Sun bets $1 billion on an open-source future
Sun Microsystems Inc.'s deal to buy open-source software company MySQL for $1 billion deepens Sun’s bet that its road to prosperity lies in distributing free software that generates hefty maintenance fees and could sell more servers.
The acquisition, announced before U.S. markets opened Wednesday, gives Santa Clara, Calif.-based Sun a foothold in the rapidly expanding market for database software for Web-based companies.
MySQL’s software is used by some of the world’s biggest websites to archive and retrieve information, and with people creating more Web content every day, demand for those services is growing quickly.
Sun is paying $800 million in cash and assuming $200 million in options to acquire privately held MySQL. The Swedish company makes open-source database software used by companies such as Google Inc., Facebook Inc. and cellphone maker Nokia Corp.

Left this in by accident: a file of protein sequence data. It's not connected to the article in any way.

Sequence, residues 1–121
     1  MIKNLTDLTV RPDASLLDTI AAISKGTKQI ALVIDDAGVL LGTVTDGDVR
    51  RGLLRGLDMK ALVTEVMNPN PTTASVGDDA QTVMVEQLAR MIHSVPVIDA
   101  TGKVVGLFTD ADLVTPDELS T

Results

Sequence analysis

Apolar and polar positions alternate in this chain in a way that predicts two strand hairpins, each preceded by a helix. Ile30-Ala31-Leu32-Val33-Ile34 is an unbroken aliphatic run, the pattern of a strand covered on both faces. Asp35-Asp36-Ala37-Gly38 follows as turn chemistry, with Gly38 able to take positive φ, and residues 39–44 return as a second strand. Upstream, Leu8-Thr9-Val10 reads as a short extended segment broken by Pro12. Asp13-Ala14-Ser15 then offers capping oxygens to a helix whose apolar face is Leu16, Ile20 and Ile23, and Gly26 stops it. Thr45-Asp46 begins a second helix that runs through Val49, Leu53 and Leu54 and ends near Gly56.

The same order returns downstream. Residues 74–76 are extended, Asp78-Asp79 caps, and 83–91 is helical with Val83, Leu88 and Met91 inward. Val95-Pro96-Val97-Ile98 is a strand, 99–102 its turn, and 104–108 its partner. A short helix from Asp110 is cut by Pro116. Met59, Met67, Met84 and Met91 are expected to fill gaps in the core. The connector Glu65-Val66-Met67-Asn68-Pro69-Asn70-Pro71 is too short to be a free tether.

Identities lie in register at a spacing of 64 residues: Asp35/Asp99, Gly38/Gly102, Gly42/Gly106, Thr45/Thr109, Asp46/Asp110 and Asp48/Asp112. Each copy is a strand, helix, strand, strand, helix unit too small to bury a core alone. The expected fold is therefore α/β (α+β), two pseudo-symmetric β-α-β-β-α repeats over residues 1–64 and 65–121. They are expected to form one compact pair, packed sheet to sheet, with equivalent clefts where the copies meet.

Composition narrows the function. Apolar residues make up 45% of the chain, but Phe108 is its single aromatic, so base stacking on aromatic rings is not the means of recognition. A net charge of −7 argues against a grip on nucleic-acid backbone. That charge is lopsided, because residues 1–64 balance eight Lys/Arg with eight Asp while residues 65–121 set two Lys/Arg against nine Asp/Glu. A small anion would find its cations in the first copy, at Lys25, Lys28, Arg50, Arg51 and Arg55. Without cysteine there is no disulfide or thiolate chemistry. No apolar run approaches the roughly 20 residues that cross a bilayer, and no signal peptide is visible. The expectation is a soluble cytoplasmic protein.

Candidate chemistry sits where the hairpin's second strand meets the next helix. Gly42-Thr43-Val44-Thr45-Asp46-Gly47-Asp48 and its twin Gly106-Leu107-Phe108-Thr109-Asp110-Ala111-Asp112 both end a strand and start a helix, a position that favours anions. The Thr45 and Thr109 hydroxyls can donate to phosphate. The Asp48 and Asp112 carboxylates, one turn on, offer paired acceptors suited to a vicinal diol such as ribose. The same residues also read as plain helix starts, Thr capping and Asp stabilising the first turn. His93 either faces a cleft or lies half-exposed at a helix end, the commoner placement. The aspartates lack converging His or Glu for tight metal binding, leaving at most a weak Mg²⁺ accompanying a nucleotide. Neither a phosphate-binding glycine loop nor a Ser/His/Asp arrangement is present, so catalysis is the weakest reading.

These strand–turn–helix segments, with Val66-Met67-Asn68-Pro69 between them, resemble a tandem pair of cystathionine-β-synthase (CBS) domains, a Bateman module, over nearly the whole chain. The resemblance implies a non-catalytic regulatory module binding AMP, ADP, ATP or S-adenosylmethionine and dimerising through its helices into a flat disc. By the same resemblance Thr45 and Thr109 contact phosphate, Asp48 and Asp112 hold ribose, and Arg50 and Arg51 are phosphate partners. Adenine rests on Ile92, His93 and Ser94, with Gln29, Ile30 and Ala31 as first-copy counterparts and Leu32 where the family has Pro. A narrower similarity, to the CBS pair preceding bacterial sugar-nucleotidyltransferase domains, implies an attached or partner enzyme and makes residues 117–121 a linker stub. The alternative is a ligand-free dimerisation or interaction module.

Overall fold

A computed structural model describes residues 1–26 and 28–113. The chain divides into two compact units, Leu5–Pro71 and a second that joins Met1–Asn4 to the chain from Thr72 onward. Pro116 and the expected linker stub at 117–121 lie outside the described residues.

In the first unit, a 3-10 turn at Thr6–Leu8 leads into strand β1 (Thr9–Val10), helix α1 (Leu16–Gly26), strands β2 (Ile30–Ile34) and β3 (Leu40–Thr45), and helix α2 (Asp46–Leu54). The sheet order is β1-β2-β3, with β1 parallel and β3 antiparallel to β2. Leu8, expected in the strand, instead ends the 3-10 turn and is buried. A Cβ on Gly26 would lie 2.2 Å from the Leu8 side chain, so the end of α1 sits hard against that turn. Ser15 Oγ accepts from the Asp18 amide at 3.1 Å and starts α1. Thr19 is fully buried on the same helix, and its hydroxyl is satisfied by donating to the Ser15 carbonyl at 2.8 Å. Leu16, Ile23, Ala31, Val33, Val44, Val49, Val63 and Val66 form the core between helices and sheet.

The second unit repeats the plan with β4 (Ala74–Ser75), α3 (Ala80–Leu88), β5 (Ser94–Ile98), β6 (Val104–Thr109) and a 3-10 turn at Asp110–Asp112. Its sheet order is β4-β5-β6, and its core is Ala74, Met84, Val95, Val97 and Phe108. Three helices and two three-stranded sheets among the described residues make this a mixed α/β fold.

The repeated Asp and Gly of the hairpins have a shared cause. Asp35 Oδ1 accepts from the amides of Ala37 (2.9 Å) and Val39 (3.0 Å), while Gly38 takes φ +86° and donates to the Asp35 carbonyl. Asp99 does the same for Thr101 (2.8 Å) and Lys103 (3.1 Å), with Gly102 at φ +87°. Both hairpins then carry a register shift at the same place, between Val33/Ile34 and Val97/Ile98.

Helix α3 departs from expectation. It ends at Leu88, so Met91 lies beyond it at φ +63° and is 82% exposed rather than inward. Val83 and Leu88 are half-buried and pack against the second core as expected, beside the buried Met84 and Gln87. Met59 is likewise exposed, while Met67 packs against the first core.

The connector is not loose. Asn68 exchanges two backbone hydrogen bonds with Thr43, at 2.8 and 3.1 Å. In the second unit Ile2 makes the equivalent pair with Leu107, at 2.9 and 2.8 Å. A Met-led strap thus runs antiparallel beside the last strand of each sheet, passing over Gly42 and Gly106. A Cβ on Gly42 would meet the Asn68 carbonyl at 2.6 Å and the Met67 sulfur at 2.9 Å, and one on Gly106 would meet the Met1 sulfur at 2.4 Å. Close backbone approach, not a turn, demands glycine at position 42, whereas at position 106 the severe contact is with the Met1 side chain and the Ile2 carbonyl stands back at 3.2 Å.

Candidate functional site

Sun said the deal would help spread MySQL’s software to large corporations, which have been the biggest customers of Sun’s servers and software, and boost its distribution through Sun’s relationships with other server makers such as IBM Corp. and Dell Inc.
Sun believes that it can sell more server computers and ring up higher maintenance fees by also offering software whose source code is available free.
MySQL is the market leader in open-source database software, particularly among Web-based companies, where it commands about 80% of the global market, Sun Chief Executive Jonathan Schwartz said.
Sun shares rose 55 cents, or more than 3%, to $15.53.